There are 266 pages in a book I have recently read and for about 250 of them I wondered how anyone could survive the story that was being told, but it doesn’t need many pages to change a life! I wish the 266 pages were the story of only a few and pray that the few remaining pages could become the happy ending for many. Sadly most of the book reflects the despair of many and the end is an experience for the few, very few.
The book was LELA Ashes of Childhood and is the story of a child growing up in Uganda, where, growing up in a land of fertile soils and warm sunshine should have been a dream, but the immoral strived to destroy her spirit. Disease tried to destroy her world and suffering was like a thief that conspired to steal all and left her close to destitution. Lela Burbridge, who wrote the book, says that these experiences could not take her faith and, sometimes, “faith is all you need to stay alive.”
I wrote to Lela to tell her that I did not enjoy the book, but the pages of the book were full of inspiration and encouragement. It is hard to imagine how a child can experience so much abuse, rejection, exploitation, disease and poverty in her first 12 years of life and become the person she has. I have met Lela and husband and three beautiful children so have seen some of the untold story in the unwritten pages. Her family visited for a couple of services in Broadway including my Induction and for the Pentecost Service on the Green last year. I can’t possibly do justice to her story in my own words, but it has taught me such an important lesson:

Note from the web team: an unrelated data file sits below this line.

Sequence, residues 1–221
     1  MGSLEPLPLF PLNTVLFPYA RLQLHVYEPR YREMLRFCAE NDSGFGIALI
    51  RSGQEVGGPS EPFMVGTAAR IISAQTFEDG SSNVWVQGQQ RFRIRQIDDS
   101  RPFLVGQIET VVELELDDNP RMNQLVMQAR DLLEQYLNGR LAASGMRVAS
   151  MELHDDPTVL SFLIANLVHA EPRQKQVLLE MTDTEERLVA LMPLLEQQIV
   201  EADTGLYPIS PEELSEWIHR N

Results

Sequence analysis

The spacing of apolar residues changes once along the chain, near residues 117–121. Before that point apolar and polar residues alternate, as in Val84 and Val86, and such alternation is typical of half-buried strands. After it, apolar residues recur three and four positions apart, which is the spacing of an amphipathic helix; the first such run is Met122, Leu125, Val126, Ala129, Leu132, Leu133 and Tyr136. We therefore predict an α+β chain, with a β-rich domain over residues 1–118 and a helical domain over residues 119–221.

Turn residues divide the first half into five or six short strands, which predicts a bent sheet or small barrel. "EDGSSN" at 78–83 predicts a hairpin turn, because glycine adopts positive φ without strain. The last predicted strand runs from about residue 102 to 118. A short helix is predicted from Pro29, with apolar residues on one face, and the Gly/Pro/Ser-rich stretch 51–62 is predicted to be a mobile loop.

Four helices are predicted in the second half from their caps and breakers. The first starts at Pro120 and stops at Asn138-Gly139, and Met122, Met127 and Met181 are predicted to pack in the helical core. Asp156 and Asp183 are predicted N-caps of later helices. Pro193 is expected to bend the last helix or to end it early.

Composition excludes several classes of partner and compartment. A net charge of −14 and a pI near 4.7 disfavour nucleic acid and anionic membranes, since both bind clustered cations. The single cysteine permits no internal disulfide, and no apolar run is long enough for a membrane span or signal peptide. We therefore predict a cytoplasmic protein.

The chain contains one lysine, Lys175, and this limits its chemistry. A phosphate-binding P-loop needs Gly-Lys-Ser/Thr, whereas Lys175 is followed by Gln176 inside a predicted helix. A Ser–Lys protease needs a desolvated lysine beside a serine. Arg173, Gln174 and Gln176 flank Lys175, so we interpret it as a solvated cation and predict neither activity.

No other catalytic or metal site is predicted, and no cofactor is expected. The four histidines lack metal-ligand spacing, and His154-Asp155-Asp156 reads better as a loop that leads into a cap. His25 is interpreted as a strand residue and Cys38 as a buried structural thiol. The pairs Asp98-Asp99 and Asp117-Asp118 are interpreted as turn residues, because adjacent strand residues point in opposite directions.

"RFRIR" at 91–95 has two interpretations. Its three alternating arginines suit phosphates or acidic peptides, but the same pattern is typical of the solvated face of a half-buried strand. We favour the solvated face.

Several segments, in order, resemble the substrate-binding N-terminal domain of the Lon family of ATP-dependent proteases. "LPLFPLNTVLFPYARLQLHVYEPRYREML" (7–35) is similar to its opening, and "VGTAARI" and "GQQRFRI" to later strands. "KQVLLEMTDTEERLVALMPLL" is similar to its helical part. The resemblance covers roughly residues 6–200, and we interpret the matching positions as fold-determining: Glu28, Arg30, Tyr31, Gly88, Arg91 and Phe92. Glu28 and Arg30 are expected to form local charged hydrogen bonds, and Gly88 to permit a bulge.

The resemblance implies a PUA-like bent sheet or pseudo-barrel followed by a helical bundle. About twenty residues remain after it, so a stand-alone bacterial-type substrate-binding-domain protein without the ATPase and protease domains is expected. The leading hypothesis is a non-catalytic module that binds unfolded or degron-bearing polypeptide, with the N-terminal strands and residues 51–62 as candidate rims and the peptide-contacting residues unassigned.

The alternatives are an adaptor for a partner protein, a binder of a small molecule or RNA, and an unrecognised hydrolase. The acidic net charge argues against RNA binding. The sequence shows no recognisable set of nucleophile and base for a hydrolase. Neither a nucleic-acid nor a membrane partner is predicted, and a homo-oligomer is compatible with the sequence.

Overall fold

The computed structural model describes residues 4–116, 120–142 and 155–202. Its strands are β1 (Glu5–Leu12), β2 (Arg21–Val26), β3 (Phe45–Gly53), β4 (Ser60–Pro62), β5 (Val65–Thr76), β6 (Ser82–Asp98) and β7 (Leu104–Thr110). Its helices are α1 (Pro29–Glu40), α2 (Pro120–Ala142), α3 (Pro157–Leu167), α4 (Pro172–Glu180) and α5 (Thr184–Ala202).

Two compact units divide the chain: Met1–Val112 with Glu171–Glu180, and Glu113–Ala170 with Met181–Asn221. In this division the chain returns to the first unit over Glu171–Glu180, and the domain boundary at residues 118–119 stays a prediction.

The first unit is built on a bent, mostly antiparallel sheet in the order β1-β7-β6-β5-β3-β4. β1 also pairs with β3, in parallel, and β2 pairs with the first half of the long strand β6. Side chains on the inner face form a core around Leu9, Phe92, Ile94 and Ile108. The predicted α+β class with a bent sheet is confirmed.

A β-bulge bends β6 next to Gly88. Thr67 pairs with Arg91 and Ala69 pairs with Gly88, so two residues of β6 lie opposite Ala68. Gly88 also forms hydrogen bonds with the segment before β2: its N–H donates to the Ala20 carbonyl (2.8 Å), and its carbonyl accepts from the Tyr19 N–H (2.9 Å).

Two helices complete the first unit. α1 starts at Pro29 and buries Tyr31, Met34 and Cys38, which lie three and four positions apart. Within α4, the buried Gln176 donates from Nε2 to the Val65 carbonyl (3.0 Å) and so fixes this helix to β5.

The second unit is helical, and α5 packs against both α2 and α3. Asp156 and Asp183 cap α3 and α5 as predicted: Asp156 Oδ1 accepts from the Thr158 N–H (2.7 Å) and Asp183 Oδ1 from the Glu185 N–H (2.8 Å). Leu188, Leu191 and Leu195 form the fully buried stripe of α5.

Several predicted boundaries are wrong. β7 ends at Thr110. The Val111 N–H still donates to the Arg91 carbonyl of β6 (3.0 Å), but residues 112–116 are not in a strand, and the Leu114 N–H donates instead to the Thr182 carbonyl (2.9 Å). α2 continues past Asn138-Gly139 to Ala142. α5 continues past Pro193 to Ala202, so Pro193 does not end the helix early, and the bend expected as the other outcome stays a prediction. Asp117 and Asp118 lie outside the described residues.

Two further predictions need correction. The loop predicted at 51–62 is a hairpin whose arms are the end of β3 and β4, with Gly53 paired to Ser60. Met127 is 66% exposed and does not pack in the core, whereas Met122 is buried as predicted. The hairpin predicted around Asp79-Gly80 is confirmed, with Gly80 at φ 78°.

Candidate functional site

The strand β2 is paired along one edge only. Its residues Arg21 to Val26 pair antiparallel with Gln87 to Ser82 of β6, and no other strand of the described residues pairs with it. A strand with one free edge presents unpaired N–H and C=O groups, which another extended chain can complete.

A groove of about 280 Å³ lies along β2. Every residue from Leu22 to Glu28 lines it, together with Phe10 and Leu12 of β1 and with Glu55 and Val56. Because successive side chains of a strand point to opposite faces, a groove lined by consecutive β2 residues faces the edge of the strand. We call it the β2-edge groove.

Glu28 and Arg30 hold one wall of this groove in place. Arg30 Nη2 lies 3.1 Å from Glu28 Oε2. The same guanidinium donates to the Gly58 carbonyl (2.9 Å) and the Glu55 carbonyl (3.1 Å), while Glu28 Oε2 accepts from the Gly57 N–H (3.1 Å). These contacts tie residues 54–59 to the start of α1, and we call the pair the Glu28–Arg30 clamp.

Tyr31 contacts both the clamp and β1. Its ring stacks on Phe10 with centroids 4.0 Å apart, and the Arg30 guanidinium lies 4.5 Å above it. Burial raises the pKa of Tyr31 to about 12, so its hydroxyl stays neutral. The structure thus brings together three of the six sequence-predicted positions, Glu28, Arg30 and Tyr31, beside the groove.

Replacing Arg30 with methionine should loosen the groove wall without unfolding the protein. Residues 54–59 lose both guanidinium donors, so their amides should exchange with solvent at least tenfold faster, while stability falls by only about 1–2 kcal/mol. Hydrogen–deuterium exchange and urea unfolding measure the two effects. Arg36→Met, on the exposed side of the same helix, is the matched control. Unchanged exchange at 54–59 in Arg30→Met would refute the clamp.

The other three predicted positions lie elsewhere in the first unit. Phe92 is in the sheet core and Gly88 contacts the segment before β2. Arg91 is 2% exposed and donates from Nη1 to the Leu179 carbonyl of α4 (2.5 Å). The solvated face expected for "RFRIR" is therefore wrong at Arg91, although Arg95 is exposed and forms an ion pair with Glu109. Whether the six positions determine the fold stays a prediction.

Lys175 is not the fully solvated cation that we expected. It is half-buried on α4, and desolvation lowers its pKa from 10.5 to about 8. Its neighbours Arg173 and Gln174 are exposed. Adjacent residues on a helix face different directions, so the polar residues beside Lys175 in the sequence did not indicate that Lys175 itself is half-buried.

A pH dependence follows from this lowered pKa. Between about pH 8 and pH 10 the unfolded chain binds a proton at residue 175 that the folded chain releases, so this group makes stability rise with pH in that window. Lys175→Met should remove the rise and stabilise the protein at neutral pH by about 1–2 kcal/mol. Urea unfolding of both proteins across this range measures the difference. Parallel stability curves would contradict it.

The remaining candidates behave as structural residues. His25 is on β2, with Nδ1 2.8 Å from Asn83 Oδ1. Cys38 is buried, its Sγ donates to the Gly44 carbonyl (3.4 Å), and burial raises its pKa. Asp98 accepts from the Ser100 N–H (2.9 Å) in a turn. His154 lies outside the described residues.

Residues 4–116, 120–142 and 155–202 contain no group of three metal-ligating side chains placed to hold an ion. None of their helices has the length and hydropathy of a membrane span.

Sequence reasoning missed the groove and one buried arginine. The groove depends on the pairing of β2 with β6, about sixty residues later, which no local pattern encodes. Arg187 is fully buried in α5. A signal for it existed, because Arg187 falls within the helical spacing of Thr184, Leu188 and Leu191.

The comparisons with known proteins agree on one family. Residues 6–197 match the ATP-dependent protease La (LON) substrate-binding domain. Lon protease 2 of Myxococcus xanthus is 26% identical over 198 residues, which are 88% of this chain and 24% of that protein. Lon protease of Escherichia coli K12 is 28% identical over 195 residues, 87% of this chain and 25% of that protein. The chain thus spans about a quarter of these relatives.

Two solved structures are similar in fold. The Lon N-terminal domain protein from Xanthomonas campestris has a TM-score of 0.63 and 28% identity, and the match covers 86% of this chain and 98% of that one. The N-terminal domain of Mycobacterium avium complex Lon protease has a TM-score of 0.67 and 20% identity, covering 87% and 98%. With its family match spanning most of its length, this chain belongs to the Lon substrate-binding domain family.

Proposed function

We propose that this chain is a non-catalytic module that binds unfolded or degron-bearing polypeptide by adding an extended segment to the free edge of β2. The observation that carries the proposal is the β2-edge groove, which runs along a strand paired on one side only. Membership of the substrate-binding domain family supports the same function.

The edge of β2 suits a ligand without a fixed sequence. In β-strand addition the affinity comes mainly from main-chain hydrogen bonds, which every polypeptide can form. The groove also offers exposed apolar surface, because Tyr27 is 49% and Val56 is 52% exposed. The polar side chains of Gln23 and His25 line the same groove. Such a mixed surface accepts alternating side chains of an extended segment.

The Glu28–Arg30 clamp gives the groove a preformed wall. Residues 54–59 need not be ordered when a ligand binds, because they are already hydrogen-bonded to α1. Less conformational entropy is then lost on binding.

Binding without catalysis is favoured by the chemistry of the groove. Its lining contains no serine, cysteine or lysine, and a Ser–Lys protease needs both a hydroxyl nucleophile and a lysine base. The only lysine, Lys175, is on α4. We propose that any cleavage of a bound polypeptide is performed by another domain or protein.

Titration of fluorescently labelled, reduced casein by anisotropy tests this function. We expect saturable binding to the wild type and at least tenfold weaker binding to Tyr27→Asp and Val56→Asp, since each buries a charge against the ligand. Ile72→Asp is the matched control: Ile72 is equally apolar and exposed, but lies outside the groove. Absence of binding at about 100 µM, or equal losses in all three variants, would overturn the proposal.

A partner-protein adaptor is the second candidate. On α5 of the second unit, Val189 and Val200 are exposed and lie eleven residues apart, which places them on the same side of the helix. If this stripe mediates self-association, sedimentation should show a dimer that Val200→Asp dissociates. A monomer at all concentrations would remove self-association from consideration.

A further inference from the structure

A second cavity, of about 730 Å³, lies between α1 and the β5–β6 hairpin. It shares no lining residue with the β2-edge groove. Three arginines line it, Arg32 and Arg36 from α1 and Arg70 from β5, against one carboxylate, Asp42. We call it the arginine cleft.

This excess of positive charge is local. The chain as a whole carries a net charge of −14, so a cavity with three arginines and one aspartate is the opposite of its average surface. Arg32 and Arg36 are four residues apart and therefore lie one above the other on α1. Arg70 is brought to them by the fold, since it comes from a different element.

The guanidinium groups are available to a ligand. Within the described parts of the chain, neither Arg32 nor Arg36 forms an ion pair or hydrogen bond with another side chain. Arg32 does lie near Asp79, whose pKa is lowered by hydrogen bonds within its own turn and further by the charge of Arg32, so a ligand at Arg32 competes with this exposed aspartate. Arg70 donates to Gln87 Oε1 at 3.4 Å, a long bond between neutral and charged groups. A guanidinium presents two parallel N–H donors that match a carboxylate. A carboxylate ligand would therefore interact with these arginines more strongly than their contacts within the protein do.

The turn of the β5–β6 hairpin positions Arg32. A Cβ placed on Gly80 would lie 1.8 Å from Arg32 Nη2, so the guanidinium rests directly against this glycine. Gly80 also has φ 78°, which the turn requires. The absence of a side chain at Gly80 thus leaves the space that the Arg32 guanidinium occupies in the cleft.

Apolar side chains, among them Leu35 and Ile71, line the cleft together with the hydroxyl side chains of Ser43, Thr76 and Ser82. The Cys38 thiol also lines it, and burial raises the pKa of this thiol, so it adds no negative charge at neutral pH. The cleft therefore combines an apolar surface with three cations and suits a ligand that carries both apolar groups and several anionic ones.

That one page from a book full of despair can offer hope for a nation. That one person from a community in poverty can feed a future generation with hope. That one small glimmer of light can help people walk through the darkness and that one word of wisdom can change a foolish world into a new Kingdom. Not only that, but the inspiration comes from one person who is called out of the crowd to carry a cross that no-one really wants to carry!
Because Lela was chosen from the crowd to carry a cross she has become an amazing witness for the glory of God that can show how good can shine through the darkness.
The important message for us all to remember is that Jesus is working through every individual however difficult their life may be. His presence is with them in the hunger, thirst and sickness and so the Spirit has worked through the life of Lela and is doing the same through you. Your life is unlikely to have been as difficult, or as cruel and brutal, but you are an inspiration for others in how you carry your cross.
It links with my message last week because as I ask WHO DO I SAY JESUS IS I want to say that he is the stranger who inspires me through the hungry, the thirsty, the homeless, the naked and the broken. (Matthew 26: 31- 45) As I see how Jesus lives in them I am encouraged and inspired by my Rock, my Shepherd, my Friend, my Saviour, my Healer, my Everything. Then, instead of asking myself what can Jesus do for me I am asking what can I do for Jesus?
Thank you Lela for telling your story from Ashes of Childhood from which a percentage of profits will support the Rafiki Thabo Foundation. I have also read her second book, Dare to Trust God’s Word: The foundation of all hope and pray that I can help a child in Africa grow up to show Jesus to the world: www.rafiki-foundation.org.uk/schools